Here’s When to Worry About a Foundation Crack
Learn how to tell when a foundation crack might indicate a serious structural problem—and when you can repair it easily yourself, and then rest easy.
Your home’s foundation—the concrete walls surrounding a basement or crawl space—supports the entire weight of the house. So it’s natural to be concerned if you ever discover cracks in the concrete. Fortunately, many foundation cracks are not serious enough to warrant professional attention, and repairing a foundation crack can be a DIY task as long as the crack doesn’t threaten structural integrity. The best way to ensure that a crack doesn’t indicate a major issue is to have a foundation contractor or a structural engineer take a look, but some general rules can help you decide whether or not you should worry. So, see where your crack falls on the range of scenarios and understand how to move forward.
If you find hairline cracks, don’t sweat it.
Within a year after construction, hairline cracks (about the width of a sewing thread) commonly appear on the inside of basement walls, most often near windows and doors or in the corners of the basement. This is due to normal “settling,” or the concrete shrinking slightly as it cures. As long as the cracks are hairline in width, there’s nothing to worry about. If you’d like to cover them, apply a coat of paint suitable for masonry, such as INSL-X TuffCrete Acrylic Paint (available from Amazon).
If a narrow crack is new, monitor it for expansion.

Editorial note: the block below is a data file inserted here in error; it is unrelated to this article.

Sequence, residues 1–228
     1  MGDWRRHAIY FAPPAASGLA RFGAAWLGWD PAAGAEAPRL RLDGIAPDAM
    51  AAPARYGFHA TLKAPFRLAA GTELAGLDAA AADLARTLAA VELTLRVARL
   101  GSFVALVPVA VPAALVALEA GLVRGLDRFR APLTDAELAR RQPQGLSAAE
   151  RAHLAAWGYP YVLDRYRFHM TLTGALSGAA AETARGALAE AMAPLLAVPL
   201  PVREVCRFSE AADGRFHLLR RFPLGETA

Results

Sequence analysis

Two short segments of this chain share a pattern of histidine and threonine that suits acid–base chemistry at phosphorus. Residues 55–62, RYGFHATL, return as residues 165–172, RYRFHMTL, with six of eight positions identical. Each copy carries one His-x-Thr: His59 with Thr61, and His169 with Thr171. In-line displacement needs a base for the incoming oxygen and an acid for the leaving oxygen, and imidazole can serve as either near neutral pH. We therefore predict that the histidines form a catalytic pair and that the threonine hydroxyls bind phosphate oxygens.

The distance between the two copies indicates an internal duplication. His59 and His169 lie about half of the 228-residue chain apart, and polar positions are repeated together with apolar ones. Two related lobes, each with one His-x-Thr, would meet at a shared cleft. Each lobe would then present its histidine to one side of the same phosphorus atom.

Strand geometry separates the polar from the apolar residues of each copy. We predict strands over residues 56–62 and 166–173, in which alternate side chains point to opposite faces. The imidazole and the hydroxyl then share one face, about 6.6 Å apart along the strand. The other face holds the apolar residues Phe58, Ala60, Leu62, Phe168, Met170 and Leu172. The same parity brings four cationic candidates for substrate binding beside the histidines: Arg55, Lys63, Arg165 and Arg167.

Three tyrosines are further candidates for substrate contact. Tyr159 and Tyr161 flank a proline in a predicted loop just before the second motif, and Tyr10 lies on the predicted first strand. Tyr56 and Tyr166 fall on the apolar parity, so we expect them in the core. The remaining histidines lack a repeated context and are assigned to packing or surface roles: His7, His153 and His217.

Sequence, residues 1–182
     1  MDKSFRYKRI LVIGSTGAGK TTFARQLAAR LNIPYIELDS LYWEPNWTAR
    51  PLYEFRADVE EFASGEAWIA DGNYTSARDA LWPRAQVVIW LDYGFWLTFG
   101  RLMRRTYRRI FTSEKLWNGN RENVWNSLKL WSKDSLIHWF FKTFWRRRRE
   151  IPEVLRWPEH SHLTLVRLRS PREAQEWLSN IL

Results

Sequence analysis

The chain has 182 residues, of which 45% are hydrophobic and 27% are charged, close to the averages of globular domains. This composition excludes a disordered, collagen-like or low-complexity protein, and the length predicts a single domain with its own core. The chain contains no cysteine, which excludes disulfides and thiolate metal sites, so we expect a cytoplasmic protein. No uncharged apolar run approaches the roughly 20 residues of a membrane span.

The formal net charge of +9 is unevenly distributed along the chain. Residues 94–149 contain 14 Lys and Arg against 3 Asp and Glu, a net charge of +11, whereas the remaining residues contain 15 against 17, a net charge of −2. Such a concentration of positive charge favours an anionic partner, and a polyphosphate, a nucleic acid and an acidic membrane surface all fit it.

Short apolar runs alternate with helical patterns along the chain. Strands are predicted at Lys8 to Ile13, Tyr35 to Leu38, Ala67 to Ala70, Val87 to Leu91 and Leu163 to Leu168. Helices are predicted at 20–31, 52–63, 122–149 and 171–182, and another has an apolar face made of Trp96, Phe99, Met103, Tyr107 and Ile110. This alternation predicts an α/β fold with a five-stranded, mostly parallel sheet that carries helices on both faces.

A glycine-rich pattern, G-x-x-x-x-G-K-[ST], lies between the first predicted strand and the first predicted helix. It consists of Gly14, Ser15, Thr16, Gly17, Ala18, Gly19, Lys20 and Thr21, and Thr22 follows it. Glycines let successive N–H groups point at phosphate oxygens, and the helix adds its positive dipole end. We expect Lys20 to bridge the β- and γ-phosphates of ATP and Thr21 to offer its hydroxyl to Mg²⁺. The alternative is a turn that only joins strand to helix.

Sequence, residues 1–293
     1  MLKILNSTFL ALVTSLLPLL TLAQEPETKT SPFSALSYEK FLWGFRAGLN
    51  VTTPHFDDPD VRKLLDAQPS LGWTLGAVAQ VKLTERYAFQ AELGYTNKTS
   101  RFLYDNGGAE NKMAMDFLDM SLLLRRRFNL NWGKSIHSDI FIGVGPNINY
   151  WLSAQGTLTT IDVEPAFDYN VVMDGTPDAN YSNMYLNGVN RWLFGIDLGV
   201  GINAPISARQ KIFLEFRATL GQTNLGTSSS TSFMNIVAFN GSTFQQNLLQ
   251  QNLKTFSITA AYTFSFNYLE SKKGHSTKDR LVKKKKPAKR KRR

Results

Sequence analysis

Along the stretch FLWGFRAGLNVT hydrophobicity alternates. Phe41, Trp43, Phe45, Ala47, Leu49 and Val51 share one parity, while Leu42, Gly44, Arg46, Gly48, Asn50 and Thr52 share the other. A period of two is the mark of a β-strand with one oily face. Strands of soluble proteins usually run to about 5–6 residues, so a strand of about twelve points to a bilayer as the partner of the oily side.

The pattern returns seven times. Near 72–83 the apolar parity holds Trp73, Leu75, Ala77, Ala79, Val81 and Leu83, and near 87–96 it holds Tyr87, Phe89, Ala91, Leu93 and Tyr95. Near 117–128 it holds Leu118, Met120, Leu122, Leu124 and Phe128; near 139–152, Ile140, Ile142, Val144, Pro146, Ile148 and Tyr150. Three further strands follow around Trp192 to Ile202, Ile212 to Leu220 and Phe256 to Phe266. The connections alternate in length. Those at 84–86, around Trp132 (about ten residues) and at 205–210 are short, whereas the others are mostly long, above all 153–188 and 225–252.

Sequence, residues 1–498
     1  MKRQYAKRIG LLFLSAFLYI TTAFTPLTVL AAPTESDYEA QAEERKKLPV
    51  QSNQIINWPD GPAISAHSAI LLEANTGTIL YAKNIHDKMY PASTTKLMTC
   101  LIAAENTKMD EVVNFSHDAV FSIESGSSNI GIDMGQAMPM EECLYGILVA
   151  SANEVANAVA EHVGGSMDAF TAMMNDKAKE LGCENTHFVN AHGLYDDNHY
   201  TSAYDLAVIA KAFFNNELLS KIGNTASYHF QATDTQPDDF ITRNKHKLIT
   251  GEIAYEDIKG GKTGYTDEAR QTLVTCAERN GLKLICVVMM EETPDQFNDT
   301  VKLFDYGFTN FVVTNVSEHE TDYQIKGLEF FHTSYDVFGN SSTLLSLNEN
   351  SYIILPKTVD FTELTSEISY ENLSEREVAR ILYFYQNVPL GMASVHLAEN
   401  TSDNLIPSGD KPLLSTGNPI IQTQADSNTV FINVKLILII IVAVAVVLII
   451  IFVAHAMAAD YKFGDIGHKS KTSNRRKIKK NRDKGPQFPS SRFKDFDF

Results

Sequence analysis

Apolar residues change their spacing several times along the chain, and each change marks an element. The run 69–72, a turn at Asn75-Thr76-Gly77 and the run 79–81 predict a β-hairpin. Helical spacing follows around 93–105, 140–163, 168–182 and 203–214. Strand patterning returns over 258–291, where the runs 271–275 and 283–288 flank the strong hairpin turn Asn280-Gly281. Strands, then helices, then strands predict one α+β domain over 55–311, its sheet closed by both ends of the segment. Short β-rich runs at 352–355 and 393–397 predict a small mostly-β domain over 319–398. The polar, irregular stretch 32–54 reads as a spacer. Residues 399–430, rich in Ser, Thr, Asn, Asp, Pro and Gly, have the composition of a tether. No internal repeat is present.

When you notice a new crack that’s not hairline but still no wider than 1/8-inch, it’s probably due to settling and most likely it doesn’t present a problem—unless it continues to expand. To monitor a crack, make a pencil mark at both ends and write the date by each mark. In addition, measure the width at the widest point and write that on the wall as well. Check the crack at least monthly for several months and make additional marks and dates if the crack expands.
If no expansion occurs and no moisture seeps through, the crack is stable and you can fill it will grout, such as Saschco Gray MorFlexx Grout Repair (available from Amazon), and then smooth out with a putty knife.
If the crack is wider than 1/8-inch, it should be sealed.
Cracks between 1/8 and ¼ of an inch often result from house settling or concrete shrinking within a few months after construction, and so may pose no structural problem. But it’s a good idea to seal them to keep out moisture, soil smells, or even radon gas (check this EPA site to see if radon is a problem in your area). Repairing a foundation crack in this width range is a simple DIY project that involves filling the crack with caulk compatible with concrete, such as GE’s Concrete and Masonry Silicone II Caulk (available from Amazon).
If a horizontal crack appears where the foundation wall meets the basement floor, it’s not a structural problem, but it should be sealed.
Because basement floors are poured after the walls are poured, the concrete where they meet doesn’t always bond completely—and this is a